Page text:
As a child who had rulers held to my knee to measure the length of my uniform skirt, who had to memorize the Holy Mary in three languages and who has watched the energetic priests and nuns of my parish wither away into tired and wrinkled servants of God; 15 years of Catholic education has made me painfully aware of the challenges my religion faces in the 21st century. Modern realities such as the child molestation crisis, divorce, allowing women in the church and birth control have brought harsh criticism to the church and strained the newer generations of Catholic parishioners. With the recent death of Karol Wojtyla, officially known as Pope John Paul II, the Catholic Church has lost a passionate leader but has also gained an opportunity to discuss the power of the Pope and bring the Catholic faith into a modern era.
The recent hypocrisy exposed by the child molestation scandals has not been easy for the church to deal with, and hopefully the new pontiff can take action about how to change this offensive history. It is with these scandals that the desperate situation regarding the recruitment of genuine priests has truly been exposed. There aren’t enough priests applying for positions, and some of the ones that take positions are not doing it for the right reasons, or become so lonely from their lifestyle that they are driven to gross extremes. It seems that in order to recruit enough priests to sustain the Catholic population, the Vatican may have to allow married men or even women to become priests. Throughout my education, I have asked my teachers, nuns and priests why it is that women cannot become priests and all I have gotten in response is a firm, “it will just never happen.” This ban on half of the constituency comes as a slap in the face every time it is brought up. While I understand that church doctrine and tradition takes precedence on these issues, the Bible also preaches God’s love for everyone. I wish that would be weighed in when thinking about who is or isn’t allowed into priesthood.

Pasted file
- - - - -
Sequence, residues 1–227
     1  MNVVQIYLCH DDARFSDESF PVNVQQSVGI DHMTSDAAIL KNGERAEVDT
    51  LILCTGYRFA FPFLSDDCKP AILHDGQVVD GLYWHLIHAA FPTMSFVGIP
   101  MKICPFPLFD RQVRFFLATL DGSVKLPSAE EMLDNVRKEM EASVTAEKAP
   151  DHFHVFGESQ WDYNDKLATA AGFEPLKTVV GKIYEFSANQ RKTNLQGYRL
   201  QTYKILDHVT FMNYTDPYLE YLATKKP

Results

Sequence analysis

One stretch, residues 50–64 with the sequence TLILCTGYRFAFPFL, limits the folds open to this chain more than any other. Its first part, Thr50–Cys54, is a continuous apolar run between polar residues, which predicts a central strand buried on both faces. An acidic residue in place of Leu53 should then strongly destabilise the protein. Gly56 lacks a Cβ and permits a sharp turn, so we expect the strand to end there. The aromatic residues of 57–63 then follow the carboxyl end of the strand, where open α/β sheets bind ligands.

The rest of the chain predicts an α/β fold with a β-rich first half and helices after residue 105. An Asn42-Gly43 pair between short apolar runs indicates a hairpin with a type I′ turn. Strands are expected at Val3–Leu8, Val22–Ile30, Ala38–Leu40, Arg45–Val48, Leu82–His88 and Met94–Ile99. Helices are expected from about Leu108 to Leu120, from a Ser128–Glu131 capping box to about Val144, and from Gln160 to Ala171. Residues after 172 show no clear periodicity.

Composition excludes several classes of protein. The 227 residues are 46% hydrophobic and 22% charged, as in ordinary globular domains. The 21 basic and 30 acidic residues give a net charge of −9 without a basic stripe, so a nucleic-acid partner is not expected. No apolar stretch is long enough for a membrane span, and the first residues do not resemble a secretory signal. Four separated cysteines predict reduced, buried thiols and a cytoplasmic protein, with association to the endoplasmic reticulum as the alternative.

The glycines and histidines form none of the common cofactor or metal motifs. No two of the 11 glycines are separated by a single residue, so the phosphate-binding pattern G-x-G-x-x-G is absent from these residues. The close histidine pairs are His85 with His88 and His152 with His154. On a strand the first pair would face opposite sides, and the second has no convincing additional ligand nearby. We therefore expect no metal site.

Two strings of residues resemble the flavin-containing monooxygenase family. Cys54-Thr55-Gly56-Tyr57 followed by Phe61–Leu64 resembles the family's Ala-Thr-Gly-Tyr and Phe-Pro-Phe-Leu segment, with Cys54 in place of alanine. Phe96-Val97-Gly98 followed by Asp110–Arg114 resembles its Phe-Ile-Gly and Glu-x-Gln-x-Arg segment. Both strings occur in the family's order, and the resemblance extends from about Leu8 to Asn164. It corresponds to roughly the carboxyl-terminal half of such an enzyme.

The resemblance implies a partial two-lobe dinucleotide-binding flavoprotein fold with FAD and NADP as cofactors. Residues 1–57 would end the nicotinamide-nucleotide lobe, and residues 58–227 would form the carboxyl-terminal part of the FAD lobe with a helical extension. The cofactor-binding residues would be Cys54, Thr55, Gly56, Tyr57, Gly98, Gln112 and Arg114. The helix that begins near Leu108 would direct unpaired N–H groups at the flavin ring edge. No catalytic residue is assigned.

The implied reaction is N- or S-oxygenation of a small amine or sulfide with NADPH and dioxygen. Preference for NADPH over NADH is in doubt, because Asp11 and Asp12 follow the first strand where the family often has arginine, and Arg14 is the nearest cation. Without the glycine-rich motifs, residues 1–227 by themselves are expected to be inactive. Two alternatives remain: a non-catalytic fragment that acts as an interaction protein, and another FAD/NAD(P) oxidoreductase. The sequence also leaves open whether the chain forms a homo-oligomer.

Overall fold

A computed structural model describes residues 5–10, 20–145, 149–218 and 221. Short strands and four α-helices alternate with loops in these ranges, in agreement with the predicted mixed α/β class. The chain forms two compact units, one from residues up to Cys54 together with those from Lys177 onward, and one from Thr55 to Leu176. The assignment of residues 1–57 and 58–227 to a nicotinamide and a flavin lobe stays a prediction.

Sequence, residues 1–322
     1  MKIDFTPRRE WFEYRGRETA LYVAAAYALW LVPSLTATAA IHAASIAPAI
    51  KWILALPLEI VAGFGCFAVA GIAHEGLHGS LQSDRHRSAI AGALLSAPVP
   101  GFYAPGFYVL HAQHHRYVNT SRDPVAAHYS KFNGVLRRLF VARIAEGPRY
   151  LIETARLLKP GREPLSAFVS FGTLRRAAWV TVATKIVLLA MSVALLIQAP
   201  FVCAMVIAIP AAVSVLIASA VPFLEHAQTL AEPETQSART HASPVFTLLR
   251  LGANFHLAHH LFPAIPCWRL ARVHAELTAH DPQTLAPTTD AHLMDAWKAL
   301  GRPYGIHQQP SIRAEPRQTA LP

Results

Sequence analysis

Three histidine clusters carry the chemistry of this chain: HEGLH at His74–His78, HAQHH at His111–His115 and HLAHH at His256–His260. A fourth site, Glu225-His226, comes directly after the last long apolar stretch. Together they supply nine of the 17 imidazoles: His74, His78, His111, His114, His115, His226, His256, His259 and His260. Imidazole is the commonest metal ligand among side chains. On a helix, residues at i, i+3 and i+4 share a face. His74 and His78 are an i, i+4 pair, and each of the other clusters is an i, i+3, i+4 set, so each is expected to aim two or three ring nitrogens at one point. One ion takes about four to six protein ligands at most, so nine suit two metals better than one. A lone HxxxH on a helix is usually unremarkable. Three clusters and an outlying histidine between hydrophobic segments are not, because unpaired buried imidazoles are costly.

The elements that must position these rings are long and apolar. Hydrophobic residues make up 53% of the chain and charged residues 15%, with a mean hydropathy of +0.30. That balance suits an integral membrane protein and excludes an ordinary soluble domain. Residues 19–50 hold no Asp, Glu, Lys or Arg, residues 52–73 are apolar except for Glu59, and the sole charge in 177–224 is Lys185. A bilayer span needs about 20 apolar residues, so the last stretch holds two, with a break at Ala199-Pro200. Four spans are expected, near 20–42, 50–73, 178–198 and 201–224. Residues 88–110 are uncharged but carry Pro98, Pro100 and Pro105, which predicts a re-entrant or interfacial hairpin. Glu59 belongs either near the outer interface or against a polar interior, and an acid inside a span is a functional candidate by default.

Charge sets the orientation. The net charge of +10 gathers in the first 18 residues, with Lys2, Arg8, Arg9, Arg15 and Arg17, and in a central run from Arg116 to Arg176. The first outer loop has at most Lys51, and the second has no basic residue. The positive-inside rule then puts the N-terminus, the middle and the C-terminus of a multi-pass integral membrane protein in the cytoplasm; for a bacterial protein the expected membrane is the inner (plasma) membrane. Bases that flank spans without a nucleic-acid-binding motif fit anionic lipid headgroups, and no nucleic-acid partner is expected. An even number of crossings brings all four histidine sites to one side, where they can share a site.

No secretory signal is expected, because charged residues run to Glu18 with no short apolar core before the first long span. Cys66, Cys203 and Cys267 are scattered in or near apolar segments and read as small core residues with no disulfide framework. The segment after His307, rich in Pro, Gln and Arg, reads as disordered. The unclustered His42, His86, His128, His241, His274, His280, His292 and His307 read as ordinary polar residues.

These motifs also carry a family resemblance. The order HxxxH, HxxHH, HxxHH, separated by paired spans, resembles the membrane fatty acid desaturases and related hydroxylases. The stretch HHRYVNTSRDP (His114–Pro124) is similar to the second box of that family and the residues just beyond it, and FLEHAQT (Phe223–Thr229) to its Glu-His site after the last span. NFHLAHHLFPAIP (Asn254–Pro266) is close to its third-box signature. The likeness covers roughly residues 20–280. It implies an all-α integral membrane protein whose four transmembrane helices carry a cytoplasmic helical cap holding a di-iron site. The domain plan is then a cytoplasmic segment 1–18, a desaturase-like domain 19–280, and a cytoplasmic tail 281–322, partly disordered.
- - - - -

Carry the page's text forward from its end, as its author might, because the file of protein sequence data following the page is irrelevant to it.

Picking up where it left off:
The new pontiff will also have the opportunity to address church doctrines on abstinence education and the prohibition of birth control. An updated doctrine needs to be discussed in order to protect the believers around the world from HIV. When it comes to believing in the sanctity of life, not using protection is now becoming a sure ticket to lethal illness. Even though the church says that HIV and unwanted pregnancy wouldn’t happen with abstinence, it seems like a blind way to approach such an epidemic. Even beyond health, being Catholic in today’s society should not make its followers feel like they are part of an anachronistic religion. In the early days of the church, the rules against contraception were made not only to praise the value of life, but also to inadvertently assure that families produced enough children to be able to work the farm and survive in an agricultural society. Today, we have clearly moved beyond that type of lifestyle and the need for five, six or even 10 children is unnecessary and impractical.
Also, with a family of 10 or more, one or two of the offspring were sure to become priests, guaranteeing the proliferation of the priesthood. Not using birth control if engaging in sexual activity is just being irresponsible toward your own life and the one that you could possibly create.
Lastly, the term “cafeteria Catholic” is not only one I hear more and more often, but also one I have used. Being unable to wrap my mind around some of the impermeable beliefs, I choose what to believe and what to ignore. I use the Catholic Church as a vessel to understanding a greater message about God and about life, but do not let it inhibit my own thoughts. I left my battles with the church in my youth, and instead chose to embrace the positive things I had gotten from having a faith, which is why I am a Catholic today.
Pope John Paul II was a peacemaker, a great humanitarian and the most widely traveled pope in history. He made the public apology about the Holocaust and played a crucial role in the downfall of communism in Eastern Europe and the Soviet Union. At his inaugural homily in 1978, he spoke to the people, “be not afraid.” I hope that his successor takes this advice and is not afraid to cross-examine the Catholic doctrines and really progress into modern-day thinking to save a faith that is unfortunately facing a lot of stress and struggle.
-The writer, a sophomore majoring in journalism, is a Hatchet columnist.